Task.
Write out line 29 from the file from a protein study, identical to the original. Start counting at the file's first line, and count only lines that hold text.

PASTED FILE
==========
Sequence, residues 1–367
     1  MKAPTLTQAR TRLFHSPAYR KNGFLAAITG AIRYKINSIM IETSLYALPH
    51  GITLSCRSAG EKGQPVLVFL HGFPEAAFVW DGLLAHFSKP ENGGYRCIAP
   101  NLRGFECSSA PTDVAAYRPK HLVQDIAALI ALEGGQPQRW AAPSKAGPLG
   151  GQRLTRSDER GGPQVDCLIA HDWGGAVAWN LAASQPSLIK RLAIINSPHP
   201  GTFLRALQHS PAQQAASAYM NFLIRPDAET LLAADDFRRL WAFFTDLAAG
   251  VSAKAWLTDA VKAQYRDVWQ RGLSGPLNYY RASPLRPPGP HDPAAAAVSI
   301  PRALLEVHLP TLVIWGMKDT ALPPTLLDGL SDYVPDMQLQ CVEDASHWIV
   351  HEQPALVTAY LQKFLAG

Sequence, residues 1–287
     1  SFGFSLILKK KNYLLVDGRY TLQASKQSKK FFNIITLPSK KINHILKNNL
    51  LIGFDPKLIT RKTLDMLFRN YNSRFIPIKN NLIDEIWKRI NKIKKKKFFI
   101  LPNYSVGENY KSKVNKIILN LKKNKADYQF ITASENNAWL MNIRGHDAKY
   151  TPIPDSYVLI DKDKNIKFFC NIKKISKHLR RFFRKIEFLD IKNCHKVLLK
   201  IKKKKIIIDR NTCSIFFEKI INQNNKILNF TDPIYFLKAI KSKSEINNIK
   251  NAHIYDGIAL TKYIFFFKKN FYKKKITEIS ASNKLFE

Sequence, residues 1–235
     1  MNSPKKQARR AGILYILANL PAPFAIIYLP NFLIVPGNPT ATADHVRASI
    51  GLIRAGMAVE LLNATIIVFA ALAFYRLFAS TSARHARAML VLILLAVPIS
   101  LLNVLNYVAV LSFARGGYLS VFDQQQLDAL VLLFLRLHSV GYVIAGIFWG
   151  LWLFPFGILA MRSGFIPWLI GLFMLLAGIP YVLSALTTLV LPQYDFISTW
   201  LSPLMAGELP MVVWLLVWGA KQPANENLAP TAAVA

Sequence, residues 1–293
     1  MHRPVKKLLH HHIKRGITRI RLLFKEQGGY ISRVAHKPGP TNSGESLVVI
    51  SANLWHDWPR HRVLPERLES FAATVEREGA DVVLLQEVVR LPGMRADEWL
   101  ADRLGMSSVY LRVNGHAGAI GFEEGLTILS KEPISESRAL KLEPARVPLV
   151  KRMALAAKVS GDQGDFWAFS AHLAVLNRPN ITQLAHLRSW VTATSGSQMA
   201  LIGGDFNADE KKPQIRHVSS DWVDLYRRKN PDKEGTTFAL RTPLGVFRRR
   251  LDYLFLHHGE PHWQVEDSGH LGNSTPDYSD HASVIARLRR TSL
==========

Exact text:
   251  LDYLFLHHGE PHWQVEDSGH LGNSTPDYSD HASVIARLRR TSL